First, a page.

Kandinsky’s back home – The “Kandinsky Gallery” at the Solomon R. Guggenheim Museum

A pioneer of abstract art and eminent aesthetic theorist, Vasily Kandinsky (b. 1866, Moscow; d. 1944, Neuilly-sur-Seine, France) broke new ground in painting during the first decades of the twentieth century. His seminal treatise Über das Geistige in der Kunst (On the Spiritual in Art), published in Munich in December 1911, lays out his program for developing an art independent from observations of the external world. In this and other texts, as well as his work, Kandinsky advanced abstraction’s potential to be free from nature, a quality of music that he admired. The development of a new subject matter based solely on the artist’s “inner necessity” would occupy him for the rest of his life.

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This presentation of select works from the Guggenheim collection traces Kandinsky’s aesthetic evolution: his early beginnings in Munich at the start of the century, the return to his native Moscow with the outbreak of World War I, his interwar years in Germany as a teacher at the Bauhaus, and his final chapter in Paris.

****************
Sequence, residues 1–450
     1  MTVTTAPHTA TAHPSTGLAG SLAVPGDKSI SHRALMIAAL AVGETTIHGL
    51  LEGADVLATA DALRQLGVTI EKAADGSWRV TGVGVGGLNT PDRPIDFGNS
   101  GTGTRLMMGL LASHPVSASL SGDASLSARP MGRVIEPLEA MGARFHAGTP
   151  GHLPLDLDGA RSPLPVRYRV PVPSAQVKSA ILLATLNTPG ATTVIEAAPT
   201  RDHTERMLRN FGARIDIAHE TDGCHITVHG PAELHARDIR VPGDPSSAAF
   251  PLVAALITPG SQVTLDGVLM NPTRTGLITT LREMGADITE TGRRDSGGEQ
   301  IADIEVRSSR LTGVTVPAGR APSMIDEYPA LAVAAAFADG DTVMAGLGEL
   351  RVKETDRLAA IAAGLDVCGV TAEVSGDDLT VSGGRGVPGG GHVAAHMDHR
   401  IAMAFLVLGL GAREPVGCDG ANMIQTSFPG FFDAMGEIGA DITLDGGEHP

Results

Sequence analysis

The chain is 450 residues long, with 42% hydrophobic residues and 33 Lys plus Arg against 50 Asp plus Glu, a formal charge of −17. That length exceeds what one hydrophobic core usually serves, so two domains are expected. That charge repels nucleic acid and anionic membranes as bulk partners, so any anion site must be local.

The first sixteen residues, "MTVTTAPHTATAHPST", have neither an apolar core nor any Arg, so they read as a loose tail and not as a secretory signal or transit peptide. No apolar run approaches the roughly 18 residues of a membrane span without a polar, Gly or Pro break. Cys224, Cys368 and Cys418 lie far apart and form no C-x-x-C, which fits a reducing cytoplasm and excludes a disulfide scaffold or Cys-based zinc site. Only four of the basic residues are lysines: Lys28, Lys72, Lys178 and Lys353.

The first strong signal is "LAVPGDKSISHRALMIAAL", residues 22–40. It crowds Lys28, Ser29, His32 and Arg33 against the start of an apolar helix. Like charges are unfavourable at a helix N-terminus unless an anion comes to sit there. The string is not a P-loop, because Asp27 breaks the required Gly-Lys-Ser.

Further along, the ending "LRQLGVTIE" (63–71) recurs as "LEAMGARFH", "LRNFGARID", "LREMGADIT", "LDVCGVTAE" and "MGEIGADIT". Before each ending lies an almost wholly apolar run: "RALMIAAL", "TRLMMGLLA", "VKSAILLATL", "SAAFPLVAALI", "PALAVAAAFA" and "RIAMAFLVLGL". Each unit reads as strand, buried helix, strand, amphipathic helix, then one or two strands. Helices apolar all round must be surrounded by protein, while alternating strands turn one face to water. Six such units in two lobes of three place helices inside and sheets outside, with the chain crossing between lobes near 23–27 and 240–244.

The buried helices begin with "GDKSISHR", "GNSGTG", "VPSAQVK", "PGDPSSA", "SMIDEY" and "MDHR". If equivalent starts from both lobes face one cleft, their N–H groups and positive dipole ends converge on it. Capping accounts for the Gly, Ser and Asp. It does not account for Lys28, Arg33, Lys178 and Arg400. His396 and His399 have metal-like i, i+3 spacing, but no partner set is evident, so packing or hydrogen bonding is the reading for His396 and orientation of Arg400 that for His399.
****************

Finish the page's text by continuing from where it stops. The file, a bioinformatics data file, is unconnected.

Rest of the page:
Vasily Kandinsky, Improvisation 28 (second version) (Improvisation 28 [zweite Fassung]), 1912. Oil on canvas, 111.4 x 162.1 cm, Solomon R. Guggenheim Museum, New York Solomon R. Guggenheim Founding Collection, By gift 37.239. © 2015 Artists Rights Society (ARS), New York/ADAGP, Paris
Vasily Kandinsky, Improvisation 28 (second version) (Improvisation 28 [zweite Fassung]), 1912. Oil on canvas, 111.4 x 162.1 cm, Solomon R. Guggenheim Museum, New York Solomon R. Guggenheim Founding Collection, By gift 37.239. © 2015 Artists Rights Society (ARS), New York/ADAGP, Paris
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